Smart contemporary rooms situated a few mins walk from local pubs. Operated by husband and wife team. Also has highly rated Restaurant. 2 bedrooms self catering house. Free parking and WiFi.
Located on a hillside overlooking Doolin and the majestic Cliffs of Moher on the horizon. Panoramic view of the village, the sea, cliffs and Killilagh Church ruins.
Doonmacfelim House is a family run 3 star bed & breakfast in Doolin village.
Rooms ensuite with free Wifi,Tea/coffee,Tv,Hair dryer, Ironing facilities,& off street Parking.Walking distance to Pubs Restaurants. Centrally located.
Comfortable accommodation with views of the Cliffs of Moher and the Aran Islands centrally located in Fisherstreet Village. Walking distance to Pubs, shops, restaurants and Ferries.
Family run Bed and Breakfast offers guests friendly service. All rooms are en suite, ground floor and first floor level.
Rick Steeves recommended B&B located in the centre of Doolin village. Family run, offering single, double and large family room options. Free WiFi and off street parking. Room only rates also available.
Charming National/Regional Award winning 19th century farmhouse. Noted for its comfort and tranquillity. Adjacent to Doolin, Cliffs of Moher and Aran Islands. Ideal location for walking tours of the Burren region.
Seascape; a family run bed and breakfast in Doolin Village. Panoramic views of the Doolin countryside with the Cliffs of Moher and Atlantic Ocean on the horizon. Two minutes walk to pubs with live traditional music; private parking; free Wifi. Seascape offers 6 en suite ground floor bedrooms. Come and enjoy!
Central location - ten minutes from either end of Doolin. Extensive breakfast menu including two fish & two vegetarian options. Family friendly! WiFi Available.
Number 4 in the Top Ten Hostels in Ireland (Hostelworld.com Awards 2010)!
The Burren Hostel which opened in March 2007 is situated in the spa town of Lisdoonvarna where it boasts close proximity to some of Ireland's most famous areas of natural beauty. The world-renowned Cliffs of Moher, towering 200m above the ocean, and The Burren region – 400sq miles of limestone terrain, are both only minutes away.
This fantastic location, in its own gardens, was formerly a 3-star hotel. Now a 124-bed hostel, it has the following great features:
22 Rooms - All En suite
Cosy Residents' Lounge
Spacious Guest Kitchen & Dining Room
Laundry & Drying Facilities
Free Private Parking
Free Internet (open access PC and Wi-Fi)
The town of Lisdoonvarna is the ideal base from which to explore many of Ireland's historical & geographical sites of interest, such as dolmens, stone forts, medieval castles and award-winning parks where history comes to life. The Aran Islands are just a short boat-trip away - passing the foot of the Cliffs of Moher.
Aillwee Cave (Also known as McGann's Cave) is a show cave located in the karst landscape of the Burren in north west County Clare, Ireland. The name Aillwee is derived from the Irish Aill Bhuí which means "yellow cliff".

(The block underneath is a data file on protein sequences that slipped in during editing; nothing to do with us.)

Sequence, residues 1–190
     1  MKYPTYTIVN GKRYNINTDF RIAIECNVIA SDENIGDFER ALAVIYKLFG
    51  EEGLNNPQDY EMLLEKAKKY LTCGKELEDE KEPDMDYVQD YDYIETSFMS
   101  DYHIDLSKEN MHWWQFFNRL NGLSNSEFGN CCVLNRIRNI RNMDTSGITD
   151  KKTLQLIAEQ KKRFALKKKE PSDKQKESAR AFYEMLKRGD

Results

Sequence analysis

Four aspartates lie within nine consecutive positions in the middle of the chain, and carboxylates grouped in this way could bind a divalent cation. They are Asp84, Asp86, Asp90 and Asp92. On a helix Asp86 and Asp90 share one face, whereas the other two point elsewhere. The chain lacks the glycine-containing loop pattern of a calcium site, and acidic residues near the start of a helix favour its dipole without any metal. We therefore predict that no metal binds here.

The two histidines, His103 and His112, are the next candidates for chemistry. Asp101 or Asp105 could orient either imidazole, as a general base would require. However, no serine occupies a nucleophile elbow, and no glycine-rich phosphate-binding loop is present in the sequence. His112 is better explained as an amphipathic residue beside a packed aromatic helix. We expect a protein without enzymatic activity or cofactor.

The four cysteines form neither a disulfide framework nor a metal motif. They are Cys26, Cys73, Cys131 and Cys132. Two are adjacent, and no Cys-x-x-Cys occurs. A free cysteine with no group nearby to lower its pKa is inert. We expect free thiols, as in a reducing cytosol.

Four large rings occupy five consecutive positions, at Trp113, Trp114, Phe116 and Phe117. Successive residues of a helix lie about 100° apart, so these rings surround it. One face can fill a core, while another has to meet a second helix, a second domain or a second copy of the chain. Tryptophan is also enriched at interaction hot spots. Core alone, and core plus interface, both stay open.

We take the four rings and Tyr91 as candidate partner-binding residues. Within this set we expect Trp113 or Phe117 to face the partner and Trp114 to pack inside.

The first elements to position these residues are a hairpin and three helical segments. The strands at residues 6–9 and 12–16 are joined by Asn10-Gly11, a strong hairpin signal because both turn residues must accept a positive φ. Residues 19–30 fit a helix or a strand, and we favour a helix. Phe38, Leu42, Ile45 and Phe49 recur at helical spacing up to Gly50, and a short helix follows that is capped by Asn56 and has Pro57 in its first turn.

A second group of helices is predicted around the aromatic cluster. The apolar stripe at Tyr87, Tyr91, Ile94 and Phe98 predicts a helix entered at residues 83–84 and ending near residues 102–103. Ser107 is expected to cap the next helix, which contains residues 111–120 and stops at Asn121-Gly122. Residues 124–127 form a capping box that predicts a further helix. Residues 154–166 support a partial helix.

The cave system consists of over a kilometre of passages leading into the heart of the mountain. Its features include an underground river and a waterfall as well as some large stalactites and stalagmites. The remains of bears can also be seen inside the caves and allusions have been made to it being the last bear den in Ireland. Roughly 300 metres (980 ft) of cave passage is open to the public, one third of the total length of the cave. The tours end at a point called the Highway and exit the cave via a 250-metre (820 ft) man-made tunnel. The cave is typical of the Clare caves, consisting in the main of stream passage and ending in a sump. The general direction is east–west but turns due south some 600 metres (2,000 ft) into the cave.
The cave is considerably older than most of the Clare caves and originally contained a large stream. The cave is now largely deserted of the stream and is heavily backfilled with glacial infill. The formations visible on the show cave tour are rarely more than 8000 years old but calcite samples in the recesses of the cave have been dated to over 350,000 years old.
Discovery and exploration
It was discovered in 1944, when a farmer named Jack McGann followed his dog who was chasing a rabbit. The farmer did not explore very far into the caves, and did not tell anyone of the find for nearly 30 years. He told cavers of the cave in 1973 and that summer the cave was explored as far as a boulder choke. Show cave development began quite soon after. The boulder choke was removed in 1977 and access was gained to the rest of the cave. The Marine Blast tunnel was completed in 1992 to allow a circular trip.
The caves appear in the Father Ted episode "The Mainland" under the name "The Very Dark Caves". They are also mentioned in a story in Part II of The Basset Chronicles by June J. McInerney.